The scary outside world becomes a better world of two.
Dern and Cage (channeling Elvis better than he ever had before or ever would) are both pretty brilliant in this film in performances that make no distinction between bottomless carnality and puppy love. They're good kids in a universe that easily drives folks mad, bad, or both and the film spends a lot of time exploring this world, both as they encounter it in their travels and as they recall it in flashback. It's almost like Twin Peaks blow up to the size of America. In New Orleans they meet weird-talking strangers. In Big Tuna, Texas–a barren desert flip-side to Twin Peaks' woodsy idyll–they encounter some "filmmakers" and are told that "Them are making a pornographic movie… Texas style." (This apparently involves cowboy hats and grossly obese naked women but the unsavory freespiritedness of it recalls the Hornes cutting loose.) Behind the scenes lurks a criminal mastermind named Mr. Reindeer. Attended at all times, even on the toilet, by topless women, he lives in what could pass as an uncensored version of One Eyed Jacks. Sheryl Lee's film-ending cameo casts her as a spirit guiding the actions from the world beyond. She's Glinda The Good Witch, not a dead homecoming queen, but the spirit is the same.
Am I stretching a bit here? Maybe. But Wild At Heart and Peaks complement each other nicely, even if the early episodes of the TV show point to some of the shortcomings of the film and the shortcomings of the film anticipate the failings of the series' later stretches. Revisiting Heart, I was struck by how good the good parts are and how much weaker the rest of it was than I remember it. I used to consider this as top-rank Lynch and as long as it keeps the focus on the main characters, it remains that way. But there's a lot of weirdness for its own sake here. Crispin Glover's cameo as the sandwich-and-cockroach-enthusing Cousin Dell plays into the story thematically as an example of the consuming power of madness, but elsewhere there's so much extra business in the margins that it's easy to get distracted. I like Diane Ladd here but her own descent into madness seems overextended and overplayed. And the many, many Wizard Of Oz references that once seemed so brilliant to me now feel way too obvious. As much as I still like the film, I could feel it sinking to the middle of my Lynch rankings as I watched it.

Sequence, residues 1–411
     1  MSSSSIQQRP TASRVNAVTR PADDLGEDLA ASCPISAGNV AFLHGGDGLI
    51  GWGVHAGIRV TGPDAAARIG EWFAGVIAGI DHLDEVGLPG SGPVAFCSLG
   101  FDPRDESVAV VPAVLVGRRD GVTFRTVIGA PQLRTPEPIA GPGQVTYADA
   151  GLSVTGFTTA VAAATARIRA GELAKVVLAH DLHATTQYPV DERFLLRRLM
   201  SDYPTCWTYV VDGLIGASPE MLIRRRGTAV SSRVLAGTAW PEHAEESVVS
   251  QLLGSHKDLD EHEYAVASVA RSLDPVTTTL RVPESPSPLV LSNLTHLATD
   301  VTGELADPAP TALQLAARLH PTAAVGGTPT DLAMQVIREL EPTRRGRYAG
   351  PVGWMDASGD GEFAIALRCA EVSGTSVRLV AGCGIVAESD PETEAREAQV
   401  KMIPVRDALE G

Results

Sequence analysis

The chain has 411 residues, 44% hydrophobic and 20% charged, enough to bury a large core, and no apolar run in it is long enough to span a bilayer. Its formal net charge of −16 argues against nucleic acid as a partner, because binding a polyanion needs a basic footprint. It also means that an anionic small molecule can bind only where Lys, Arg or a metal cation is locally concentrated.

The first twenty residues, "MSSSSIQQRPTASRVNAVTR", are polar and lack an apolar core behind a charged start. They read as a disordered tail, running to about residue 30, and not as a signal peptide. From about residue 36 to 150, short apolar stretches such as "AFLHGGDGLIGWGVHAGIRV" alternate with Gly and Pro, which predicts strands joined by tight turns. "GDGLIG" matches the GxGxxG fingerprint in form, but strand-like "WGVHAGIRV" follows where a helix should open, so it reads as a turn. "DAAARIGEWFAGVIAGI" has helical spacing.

For some it was already there, or lower. The backlash began pretty much with the announcement of the Palme award, and no one was more vocal than Roger Ebert, who objected to the way Lynch cut violence with jokiness.

I see what he's saying, but I'm not sure that's a legitimate complaint. (Ebert was cool on Lynch's work until embracing The Straight Story a few years ago and since then Lynch can seemingly do no wrong. He even loved Inland Empire. I wish I could say the same.) Other reviews ranged from enthusiastic to puzzled to annoyed. Audiences showed up in respectable numbers, drawn in part by an aggressive publicity push that had Lynch's name front and center. But anyone expecting something made for the multiplexes and not the arthouses no doubt left disappointed and the overexposure probably played a role in the Peaks backlash that followed.
But ultimately I think the two projects make nice companion pieces. Wild At Heart feels like Lynch unfiltered. Twin Peaks forces some discipline on him, but ultimately the vision is the same. Just look at the scene in which Sailor and Lula, cruising along to the strains of Chris Isaak's "Wicked Game," happen on a horrific accident by the side of the road. Only Sherilyn Fenn survives, and not for long. Looking and sounding every bit like Audrey Horne she lives only long enough to spout some frantic nonsense and complain about the spongy stuff in her hair. Then she collapses. Not everyone makes it to the end of the road.
Peaks' Bob keeps talking about fire. In Wild At Heart Lynch returns again and again to the sound and image of a flame being struck. The suggestion is clear: Fire only lights up those it doesn't first engulf.
Next week: We're back to Twin Peaks and its environs where Audrey remains alive, if not exactly well. But Maddie's looking pretty healthy and likely to stick around for many episodes to come. Right?

Share This Story

Get our newsletter